View of Naples Botanical garden
Orchids in Naples Botanical garden







Following this, we went to Naples Botanical Gardenthe  within the research park, which was an attraction locally. The tropical climate was able to support seven different ecosystems tropics and sub-tropics including different parts of the world i.e. the Caribbean, Latin American, South Asian, South East Asian, and so on. It was a pleasure to see some of the flora that I grew up with and gave a sense of huge pleasure. The most fascinating of all was the collection of 1000 species orchids. The latest addition to the garden was the statues of dinosaurs. The part in itself was surrounded by a natural wetland in two ends and had several constructed aesthetic wetlands within it- making it visually aesthetic. Further, this mosaic of habitat was ideal for different species of herons, egret, and tortoises. Further, it was here in the botanical garden, that I made my first observation of Red-shouldered hawk and two different species of vultures that Florida hosts: the Black vulture and the Turkey vulture.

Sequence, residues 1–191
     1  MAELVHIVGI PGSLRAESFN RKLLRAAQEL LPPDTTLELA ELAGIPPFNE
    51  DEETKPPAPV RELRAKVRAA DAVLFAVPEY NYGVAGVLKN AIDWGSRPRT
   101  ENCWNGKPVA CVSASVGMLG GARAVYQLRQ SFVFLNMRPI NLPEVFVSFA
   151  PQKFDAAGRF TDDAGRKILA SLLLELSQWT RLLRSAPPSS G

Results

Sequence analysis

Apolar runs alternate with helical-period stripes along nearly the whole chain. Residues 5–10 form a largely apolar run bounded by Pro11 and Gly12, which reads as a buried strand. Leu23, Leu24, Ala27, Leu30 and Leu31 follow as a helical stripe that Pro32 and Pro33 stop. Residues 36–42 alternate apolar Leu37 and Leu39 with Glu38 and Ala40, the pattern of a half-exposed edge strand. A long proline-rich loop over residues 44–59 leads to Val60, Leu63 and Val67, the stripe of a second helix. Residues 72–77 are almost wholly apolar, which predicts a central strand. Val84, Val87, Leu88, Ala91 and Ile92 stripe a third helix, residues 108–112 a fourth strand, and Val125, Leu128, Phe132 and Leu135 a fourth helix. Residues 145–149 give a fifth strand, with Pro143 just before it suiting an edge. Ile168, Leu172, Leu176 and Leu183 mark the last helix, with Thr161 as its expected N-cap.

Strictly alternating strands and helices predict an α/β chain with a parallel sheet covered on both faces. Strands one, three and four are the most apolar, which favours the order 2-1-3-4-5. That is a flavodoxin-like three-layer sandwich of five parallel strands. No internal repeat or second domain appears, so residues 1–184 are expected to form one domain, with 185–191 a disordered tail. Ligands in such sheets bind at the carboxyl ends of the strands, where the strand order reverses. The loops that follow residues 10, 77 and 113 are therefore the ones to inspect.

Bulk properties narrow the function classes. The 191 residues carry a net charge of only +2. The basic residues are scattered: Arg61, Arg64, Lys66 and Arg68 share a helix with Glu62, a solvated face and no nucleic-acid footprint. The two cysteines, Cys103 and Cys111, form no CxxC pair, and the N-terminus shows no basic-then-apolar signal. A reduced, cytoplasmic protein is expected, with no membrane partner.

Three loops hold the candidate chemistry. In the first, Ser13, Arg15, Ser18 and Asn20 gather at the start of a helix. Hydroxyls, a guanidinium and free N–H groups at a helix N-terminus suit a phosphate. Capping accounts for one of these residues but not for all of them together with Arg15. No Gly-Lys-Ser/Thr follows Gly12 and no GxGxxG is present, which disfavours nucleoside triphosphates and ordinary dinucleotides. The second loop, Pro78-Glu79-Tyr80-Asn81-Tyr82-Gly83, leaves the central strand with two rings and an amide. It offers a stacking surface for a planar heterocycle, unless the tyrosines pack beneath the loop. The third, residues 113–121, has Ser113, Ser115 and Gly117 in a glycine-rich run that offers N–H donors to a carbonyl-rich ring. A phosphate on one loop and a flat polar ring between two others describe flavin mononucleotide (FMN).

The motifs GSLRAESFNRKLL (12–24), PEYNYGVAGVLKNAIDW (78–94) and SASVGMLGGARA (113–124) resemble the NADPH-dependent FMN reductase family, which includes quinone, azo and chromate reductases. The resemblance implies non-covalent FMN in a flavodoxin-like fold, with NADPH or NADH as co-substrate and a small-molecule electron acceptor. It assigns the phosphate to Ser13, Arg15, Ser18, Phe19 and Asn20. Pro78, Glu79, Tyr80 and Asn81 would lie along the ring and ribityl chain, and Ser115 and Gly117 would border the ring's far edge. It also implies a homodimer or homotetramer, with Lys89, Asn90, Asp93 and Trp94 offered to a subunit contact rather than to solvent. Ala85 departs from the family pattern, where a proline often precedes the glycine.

Natural wetlands around Naples Botanical Garden

The day, then followed to Freedom Park the,we were accompanied by Dr. Mitsch and Lee which is a 20-ha constructed wetland complex in Naples. The park was started in 2008 in an abandoned citrus grove so as to treat urban stormwater runoff. The shape of the constructed wetland was irregular and dis-similar, which range of habitats from deep areas in the centre to shallow portion. This shape would also help in increased ecotone; thus the added biodiversity benefits. Data measurement stations were located in the wetlands; providing data on the various chemical and physical parameters of wetlands like depth, pH, salinity, etc.

Constructed wetlands of Freedom Park

The main attraction for us in Freedom park was, however, wetlaculture: a fancy name given for multidisciplinary experiment using business, engineering and science models in a mesocosm experiment that aims to study the potentiality of using nutrient retaining capability of wetlands and converting them into agricultural lands. The experiment hypothesizes that the flipping of land between wetlands and agriculture will reduce in use of excessive nutrient for agriculture and thus, have reduced nutrient pollution, mainly with Phosphorus. The ten year long experiment is setup in different states of US, in China and in Poland. You can follow the research here: